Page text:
One man’s idea of utopia?: the bitcoin-only Czech cafe

Paralelní Polis, which in Czech means “Parallel World,” is known mostly for being perhaps the world’s first bitcoin-only cafe. (Here’s my photo essay of what it’s like to buy coffee in the shop.) All transactions — from wages to point of sale — are processed virtually, using one of the most well-recognized cryptocurrencies. More broadly though, the recently-renovated space, which includes a co-working room and hacker space, was conceived as way to demonstrate on a micro level how an entirely decentralized society might function.

There is more here, and supposedly there is no hierarchy among the employees either.  The original pointer was from Ángel Cabrera.


He published his private key in the photo! I'm sure his Bitcoin wallet was promptly drained.

LOL, so true. But the amount is small, the last few letters are obscured, and the barcode has to be enlarged etc, but I'm sure somebody might try to spend his remaining coins. BTW the price of bitcoin has been ominously dropping since the highs earlier this year.

"supposedly there is no hierarchy among the employees either": who cleans the bogs, then?

Oh Czech anarchists aren't they fun.

To the question of how does no hierarchy work, I can tell you from direct experience with them back in the early 90s. Whoever's paying the bills badgers the others until they reach "consensus". In other words, the same as the EU.

The difference is that in the EU those that "owe" are "badgered" to reduce their incomes, not their consumption.

'which in Czech means “Parallel World,”' but not according to Google translate it doesn't. And I must say that translating "polis" as 'world' seems rather unlikely to me. Why would they adopt a word from Greek and then change its meaning so much?

Yeah, that was a dumb mistake by WaPo. There is no Czech word "polis". It's a Greek word that everyone, Czech and foreigner, is supposed to recognize. Sadly, the name went over the heads of this particular American reporter.

I am not sure if this comment is entirely on point, but I am prompted to write it because of the sort of anarcho-socialist romance around BitCoin. Two weeks ago I was nailed by the CryptoWall scheme: all 32,000 files on my laptop were encrypted, and I was given a few days to pay $500 to the pirates for the decryption key. I paid up, got my files back, and promptly installed all the backup and security processes that I should have had running to start with. But to my point: this nefarious activity turned three technologies that were initially developed to defend/liberate/empower the Average Joe into tools that exploit/rob/abuse the Average Joe. To wit (I've always wanted to type "to wit"):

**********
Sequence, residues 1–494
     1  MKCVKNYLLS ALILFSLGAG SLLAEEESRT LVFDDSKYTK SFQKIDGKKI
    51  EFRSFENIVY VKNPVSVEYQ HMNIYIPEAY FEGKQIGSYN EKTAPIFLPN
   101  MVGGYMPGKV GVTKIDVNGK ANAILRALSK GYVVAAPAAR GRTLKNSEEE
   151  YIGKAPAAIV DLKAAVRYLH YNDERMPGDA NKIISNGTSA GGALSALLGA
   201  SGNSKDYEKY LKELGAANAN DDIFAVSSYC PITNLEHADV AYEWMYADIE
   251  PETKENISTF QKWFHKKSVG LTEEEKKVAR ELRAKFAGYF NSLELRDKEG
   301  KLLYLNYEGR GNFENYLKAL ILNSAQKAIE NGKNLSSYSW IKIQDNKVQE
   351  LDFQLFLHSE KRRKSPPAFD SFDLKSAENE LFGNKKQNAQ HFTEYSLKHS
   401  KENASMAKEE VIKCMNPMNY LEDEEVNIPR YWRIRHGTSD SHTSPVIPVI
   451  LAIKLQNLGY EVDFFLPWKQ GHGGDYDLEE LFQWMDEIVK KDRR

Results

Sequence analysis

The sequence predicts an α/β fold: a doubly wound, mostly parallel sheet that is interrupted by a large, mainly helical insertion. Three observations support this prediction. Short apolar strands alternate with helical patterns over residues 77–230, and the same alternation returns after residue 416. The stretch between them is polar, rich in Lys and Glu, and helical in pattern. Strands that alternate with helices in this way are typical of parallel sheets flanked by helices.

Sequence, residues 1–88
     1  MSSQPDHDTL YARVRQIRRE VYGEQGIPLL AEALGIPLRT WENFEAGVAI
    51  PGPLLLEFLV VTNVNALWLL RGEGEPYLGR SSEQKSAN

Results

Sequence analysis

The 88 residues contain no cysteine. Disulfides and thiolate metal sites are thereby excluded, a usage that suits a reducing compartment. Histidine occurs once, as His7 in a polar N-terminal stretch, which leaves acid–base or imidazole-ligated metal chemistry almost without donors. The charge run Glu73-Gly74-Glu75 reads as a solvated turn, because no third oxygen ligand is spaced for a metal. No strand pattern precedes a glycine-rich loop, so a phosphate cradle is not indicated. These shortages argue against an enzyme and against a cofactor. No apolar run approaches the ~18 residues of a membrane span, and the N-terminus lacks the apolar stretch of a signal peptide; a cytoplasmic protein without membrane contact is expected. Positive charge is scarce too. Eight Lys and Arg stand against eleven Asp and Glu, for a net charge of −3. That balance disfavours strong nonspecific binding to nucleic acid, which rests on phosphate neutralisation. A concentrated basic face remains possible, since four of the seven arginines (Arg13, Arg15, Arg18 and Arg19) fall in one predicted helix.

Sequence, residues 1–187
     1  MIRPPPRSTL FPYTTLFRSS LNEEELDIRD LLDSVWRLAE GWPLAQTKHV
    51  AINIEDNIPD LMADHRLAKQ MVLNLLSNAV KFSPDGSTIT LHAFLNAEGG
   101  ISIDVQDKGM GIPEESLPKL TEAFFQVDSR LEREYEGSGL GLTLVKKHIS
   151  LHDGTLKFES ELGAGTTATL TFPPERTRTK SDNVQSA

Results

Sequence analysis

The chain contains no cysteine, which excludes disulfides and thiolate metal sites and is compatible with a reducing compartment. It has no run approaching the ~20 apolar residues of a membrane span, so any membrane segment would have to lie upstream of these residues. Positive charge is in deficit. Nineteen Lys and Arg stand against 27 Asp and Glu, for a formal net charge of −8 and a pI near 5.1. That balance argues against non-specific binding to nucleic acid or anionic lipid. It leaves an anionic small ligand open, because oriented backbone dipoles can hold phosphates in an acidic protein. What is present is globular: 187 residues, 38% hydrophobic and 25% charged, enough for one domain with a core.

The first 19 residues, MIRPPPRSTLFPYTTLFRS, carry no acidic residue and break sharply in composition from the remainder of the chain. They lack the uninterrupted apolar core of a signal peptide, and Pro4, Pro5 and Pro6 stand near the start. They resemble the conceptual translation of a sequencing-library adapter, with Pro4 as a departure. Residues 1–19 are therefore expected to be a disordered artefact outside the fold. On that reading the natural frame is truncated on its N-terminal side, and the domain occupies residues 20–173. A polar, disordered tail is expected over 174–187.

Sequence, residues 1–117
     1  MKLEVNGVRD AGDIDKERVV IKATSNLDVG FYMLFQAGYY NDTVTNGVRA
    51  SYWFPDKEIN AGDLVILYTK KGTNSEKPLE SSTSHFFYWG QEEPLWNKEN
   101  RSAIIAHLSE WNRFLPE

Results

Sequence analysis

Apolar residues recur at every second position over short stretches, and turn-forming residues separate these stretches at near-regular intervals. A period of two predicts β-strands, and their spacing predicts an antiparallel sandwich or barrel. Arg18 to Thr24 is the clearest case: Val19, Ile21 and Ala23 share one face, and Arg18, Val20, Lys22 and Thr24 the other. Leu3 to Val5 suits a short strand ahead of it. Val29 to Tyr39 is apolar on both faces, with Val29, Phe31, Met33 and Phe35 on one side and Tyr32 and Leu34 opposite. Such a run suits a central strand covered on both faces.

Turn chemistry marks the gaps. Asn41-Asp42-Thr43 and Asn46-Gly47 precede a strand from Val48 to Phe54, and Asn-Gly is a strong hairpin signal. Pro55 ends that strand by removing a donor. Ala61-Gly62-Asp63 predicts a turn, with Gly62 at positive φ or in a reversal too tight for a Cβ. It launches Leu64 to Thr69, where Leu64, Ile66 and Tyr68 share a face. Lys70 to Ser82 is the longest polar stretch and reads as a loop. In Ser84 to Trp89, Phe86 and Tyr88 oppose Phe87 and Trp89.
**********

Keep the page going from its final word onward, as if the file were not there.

1. The encryption used was PGP ... originally devised to protect political activists from government snoops, i think
2. The network for communicating with the bandits was Tor...ditto I think?
3. The only currency accepted was Bitcoin...'nuff said.

I am not in this comment criticizing any of these technologies or their creators. I am only ruefully offering up the irony, that for this individual at least, my FIRST direct encounter with each of these technologies was during a robbery. Maybe I will use my leftover BitCoins to buy a coffee next time I am in Praha.

I guess any technology can be weaponized...

Ironically, bitcoins are a wet dream of both anarchosocialists and anarchocapitalists. Not the only thing they have in common.

Backups are supposed to empower the Average Joe along with everyone else who uses them. But it's AJ who usually doesn't. And I am no less guilty than others on that score.

I have more constructive point about backups.

Tools like BitCoin and Tor (and to a lesser extend PGP) are aim allow people to do various things without a veto from well-connected organisations and also to make investigations expensive enough that authorities must target them rather than just pull in every user.

The "various things" include petty crime -- although police will still invest in big crime (taking down Silk Road and copy-cats). But the "various things" also include measures for protecting yourself from petty crime. Hence the need for backups.

Speaking of targeted investigations, if I were a Czech police officer looking for a low-risk and high-profile case of possible financial crimes, however petty, this article would be a windfall.

I think it's more ironic with respect to anarcho-capitalists, since they're the ones opposed to taxes like these.

Here's what Paralelní Polis means -

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